Although some in the West assert that the Christian minority needs to fight fire with fire, when one 60-year-old Copt tried to do just that, firing a gun in the air to scare away an invading Islamic mob, “It proved a fatal error,” the Sunday Times reported: “They took offence at the fact that a Christian fired in the air against them, and they stormed his home and shot him to death before taking his body away and hacking it into parts.”
Scenes reminiscent of the original Islamic conquest of Seventh Century Egypt replayed themselves: an Evangelical church in the village of Bedin was not only attacked but converted into a mosque. Similarly, as reported by the AP, “After torching a Franciscan school, Islamists paraded three nuns on the streets like ‘prisoners of war’ before a Muslim woman offered them refuge. Two other women working at the school were sexually harassed and abused as they fought their way through a mob.”
Meanwhile, the Western mainstream media sympathized with the Brotherhood while ignoring the Coptic victims. Even the Coptic Church criticized the “false broadcast by Western media” and called for an “objective” revision to be made of the actions of those “blood-thirsty radical organizations…. [I]nstead of legitimizing them with global support and political coverage while they are trying to wreak havoc and destruction upon our beloved land, report all events truthfully and accurately.”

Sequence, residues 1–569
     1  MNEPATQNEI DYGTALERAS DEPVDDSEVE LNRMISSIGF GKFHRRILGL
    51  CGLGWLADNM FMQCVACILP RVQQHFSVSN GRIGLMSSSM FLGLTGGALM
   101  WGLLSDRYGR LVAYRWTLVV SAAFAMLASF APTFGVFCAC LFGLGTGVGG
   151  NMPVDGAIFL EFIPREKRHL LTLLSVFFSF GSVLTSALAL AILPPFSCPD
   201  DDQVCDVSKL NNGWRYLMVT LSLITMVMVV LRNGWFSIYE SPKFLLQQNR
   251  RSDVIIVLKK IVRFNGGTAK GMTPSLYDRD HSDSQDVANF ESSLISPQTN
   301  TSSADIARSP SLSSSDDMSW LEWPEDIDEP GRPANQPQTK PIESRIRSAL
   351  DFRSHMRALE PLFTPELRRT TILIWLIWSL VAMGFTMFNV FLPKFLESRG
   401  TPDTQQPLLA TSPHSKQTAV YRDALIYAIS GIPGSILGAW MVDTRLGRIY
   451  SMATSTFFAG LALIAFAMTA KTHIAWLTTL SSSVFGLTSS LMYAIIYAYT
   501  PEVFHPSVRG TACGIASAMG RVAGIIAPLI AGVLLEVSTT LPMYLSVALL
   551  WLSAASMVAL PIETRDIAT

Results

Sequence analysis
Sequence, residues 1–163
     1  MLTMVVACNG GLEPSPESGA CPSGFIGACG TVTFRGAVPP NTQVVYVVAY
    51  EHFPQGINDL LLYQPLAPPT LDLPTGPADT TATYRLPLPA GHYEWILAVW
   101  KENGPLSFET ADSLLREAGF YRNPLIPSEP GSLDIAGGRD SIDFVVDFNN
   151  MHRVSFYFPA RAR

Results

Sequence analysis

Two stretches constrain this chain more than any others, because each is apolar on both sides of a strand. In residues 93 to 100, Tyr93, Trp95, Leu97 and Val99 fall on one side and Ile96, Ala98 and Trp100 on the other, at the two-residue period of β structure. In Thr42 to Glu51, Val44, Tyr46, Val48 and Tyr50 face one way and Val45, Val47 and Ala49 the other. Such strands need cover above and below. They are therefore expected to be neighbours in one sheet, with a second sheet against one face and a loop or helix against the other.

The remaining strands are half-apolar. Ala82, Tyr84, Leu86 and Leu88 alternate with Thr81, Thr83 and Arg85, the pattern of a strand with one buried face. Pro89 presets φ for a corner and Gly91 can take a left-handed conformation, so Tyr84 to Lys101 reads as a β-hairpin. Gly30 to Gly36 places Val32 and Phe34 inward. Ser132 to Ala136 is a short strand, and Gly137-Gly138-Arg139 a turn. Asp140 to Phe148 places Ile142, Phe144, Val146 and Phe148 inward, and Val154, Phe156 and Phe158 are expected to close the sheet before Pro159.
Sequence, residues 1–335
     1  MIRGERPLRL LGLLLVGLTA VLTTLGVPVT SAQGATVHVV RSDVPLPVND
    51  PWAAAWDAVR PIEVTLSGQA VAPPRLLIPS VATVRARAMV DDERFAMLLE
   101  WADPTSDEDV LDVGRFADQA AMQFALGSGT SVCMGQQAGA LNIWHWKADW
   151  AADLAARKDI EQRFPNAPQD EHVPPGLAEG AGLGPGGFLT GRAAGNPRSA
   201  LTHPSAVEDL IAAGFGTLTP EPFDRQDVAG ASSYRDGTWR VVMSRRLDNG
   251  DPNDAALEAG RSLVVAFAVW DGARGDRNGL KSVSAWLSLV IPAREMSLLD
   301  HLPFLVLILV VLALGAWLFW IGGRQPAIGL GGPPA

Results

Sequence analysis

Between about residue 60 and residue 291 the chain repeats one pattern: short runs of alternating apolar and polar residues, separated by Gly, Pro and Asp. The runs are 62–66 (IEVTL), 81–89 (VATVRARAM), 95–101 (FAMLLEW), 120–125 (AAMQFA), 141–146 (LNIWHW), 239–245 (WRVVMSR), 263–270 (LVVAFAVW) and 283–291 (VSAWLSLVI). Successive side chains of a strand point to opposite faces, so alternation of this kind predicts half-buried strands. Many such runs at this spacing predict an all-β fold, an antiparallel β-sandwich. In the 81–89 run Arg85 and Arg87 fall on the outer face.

One activist said of the U.S. and the EU, that they “almost daily issue statements threatening to take further actions against our interim government and army, portraying the Muslim Brotherhood as victims while not even mentioning the destruction of over 80 churches, as well monasteries, orphanages, businesses and Coptic schools by the Muslim Brotherhood.”
Father Rafic Greiche, the chief spokesman for the Catholic Church in Egypt, criticized President Obama for not speaking out against the worst violence against Egyptian Christians in nearly 700 years: “President Obama when he made a speech he just touched on the burning churches instead of telling the Muslim Brotherhood that they are terrorists and they are making terror on Egypt. He did not speak loud for this and shame on him if he is a Christian that he does not speak out loud.”